Stress Eating?Here are 5 strategies to conquer it.

Think about the last time you felt stressed and reached out for a bag of chips or chocolate. You may not even be aware of doing this.

Stress eating usually happens when you want to disconnect or escape from the moment. It’s like changing the channel in your brain to try to change how you feel.

Reaching out for something to eat when you are feeling stressed may be your default mechanism -you’re busy and food is an easy “go to” strategy.

The Overeating Trap

One of my clients noticed that it was happening all the time, she said: “Munching on something always makes me feel better, its an instant relief and I forget about all my problems and stress. But as soon as I swallow the last bite of food, the soothing effect disappears and I am filled with regret and guilt. The problem is that I am gaining weight. I hate weighing myself because the numbers keep on going up and I can’t comprehend why I continue this behaviour when it’s causing me so much distress.” 

Can you relate?

What is Emotional Eating?

Emotional eating is when you turn to food for stress relief, comfort, as a reward or to help you through an emotional upset. It helps you to ‘zone out’ and feel calmer, soothed or relieved in the moment.

If you’re an emotional eater, you may feel powerless over your food cravings and when the urge to eat hits, it’s all you can think about.

In my experience as a Food & Mood Coach I’ve learned that:

-At least 80% of women use food to soothe their stress emotions.

-For those women, “eating to zone out” usually escalates into something more serious.

What Is Stress Eating?

Stress eating is one of the main styles of emotional eating

It means simply that you’re busy and food is an easy “go to” strategy.

It’s usually caused by a multitude of things: a busy life, stress, and exhaustion, using food to fill in the voids or reward yourself, or eating for comfort.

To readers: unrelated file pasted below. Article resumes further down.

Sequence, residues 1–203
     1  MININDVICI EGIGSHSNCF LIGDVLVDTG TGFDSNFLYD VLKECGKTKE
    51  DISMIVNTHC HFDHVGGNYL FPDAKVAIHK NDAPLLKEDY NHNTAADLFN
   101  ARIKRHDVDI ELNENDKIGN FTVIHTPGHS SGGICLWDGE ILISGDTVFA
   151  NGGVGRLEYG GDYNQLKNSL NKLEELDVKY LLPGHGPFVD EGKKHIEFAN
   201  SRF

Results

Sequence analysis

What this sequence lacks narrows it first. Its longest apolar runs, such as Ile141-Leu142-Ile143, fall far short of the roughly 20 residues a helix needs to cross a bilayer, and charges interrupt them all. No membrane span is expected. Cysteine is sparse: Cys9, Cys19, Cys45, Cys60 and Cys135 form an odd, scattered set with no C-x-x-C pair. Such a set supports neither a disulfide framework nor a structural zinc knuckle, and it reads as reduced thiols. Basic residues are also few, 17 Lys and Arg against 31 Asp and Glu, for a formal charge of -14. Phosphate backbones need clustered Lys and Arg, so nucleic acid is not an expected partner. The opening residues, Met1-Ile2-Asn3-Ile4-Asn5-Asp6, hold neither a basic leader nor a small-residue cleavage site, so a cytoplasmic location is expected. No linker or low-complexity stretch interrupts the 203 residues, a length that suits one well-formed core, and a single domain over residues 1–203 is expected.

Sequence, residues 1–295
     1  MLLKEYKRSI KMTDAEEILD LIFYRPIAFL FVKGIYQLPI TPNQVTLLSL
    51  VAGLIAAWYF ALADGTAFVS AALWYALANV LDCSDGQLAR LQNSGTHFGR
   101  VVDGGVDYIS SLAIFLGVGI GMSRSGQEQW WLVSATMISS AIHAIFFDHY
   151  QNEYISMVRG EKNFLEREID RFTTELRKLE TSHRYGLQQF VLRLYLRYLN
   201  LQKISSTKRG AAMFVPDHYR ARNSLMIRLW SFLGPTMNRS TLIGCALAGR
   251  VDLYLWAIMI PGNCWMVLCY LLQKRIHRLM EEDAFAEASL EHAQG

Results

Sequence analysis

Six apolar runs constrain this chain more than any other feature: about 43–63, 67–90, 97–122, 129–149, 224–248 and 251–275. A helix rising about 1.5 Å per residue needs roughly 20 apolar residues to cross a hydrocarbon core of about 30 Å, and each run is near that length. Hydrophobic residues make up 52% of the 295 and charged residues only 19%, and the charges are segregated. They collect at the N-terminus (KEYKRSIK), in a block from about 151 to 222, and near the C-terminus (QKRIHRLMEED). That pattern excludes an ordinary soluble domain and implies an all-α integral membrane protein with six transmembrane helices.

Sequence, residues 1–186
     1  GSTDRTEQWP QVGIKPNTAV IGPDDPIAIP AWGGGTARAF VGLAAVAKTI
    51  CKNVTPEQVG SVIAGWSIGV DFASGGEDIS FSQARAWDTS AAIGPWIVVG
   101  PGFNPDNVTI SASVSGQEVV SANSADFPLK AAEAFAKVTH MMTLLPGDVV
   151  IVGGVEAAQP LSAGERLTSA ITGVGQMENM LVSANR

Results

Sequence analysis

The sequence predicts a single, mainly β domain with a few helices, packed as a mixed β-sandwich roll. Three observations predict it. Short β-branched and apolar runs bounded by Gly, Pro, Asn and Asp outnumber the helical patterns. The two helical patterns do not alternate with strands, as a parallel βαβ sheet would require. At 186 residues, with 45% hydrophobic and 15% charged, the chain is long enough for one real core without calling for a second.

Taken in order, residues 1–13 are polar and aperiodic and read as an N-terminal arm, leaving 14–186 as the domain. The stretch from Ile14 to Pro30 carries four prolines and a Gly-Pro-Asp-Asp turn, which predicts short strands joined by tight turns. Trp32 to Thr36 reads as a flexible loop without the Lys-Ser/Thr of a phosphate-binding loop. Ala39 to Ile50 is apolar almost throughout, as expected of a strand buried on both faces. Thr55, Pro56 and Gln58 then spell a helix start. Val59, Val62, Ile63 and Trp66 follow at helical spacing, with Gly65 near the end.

Stress eating often happens because you feel too busy to plan meals or get the food that’s good for you – or you are simply too tired or busy to make the “right” choices.

-And the choices you make while you are busy living your life start to add up.

Stress Eating Characteristics:

Stress eating usually shows up as:Eating when you’re not hungry

-Using food as a source of comfort when you’re feeling sad, anxious, or bored

-Eating to cope with stress and frustration in areas of life that take time and effort to correct

-Eating to ease the tension, because you can’t just snap your fingers and “fix it”.

What this really means is that you use food to help you calm your ever-taut nerves and pump up your enthusiasm and energy.

Here are some of the typical triggers for stress eating that you may struggle with:

-Too much on your plate


-Low energy

-Overwhelm – not enough time in the day

-No time for self-care and fun

Your hidden trigger is feeling angry & resentful that everybody else gets to relax and have fun, while you are left with all the chores and responsibility.

Finding the cause of your stress eating and applying some ways to get OUT of that cycle will help you start eating with a sense of FREEDOM, self-confidence and empowerment.

Here are five strategies to help you do it, quickly and effectively.

Step 1 – Check in With Yourself.

When you start asking yourself questions you’ll get better at identifying where to focus your energy for best results. 

Check in with what you need and want at that moment.  

And it helps to go deep and find those feelings that you have been glazing over and stuffing down. 

If you are soothing your emotions with food the only way to resolve this is to address the underlying problems” 

Writing it down may help you make a connection you hadn’t noticed before 

-Noting your feelings when the craving strikes 

-Time of the day when it happens 

-The environment it happens in 

Step 2 – Sleep and Exercise.

When you feel good you cope better with anything that life throws at you.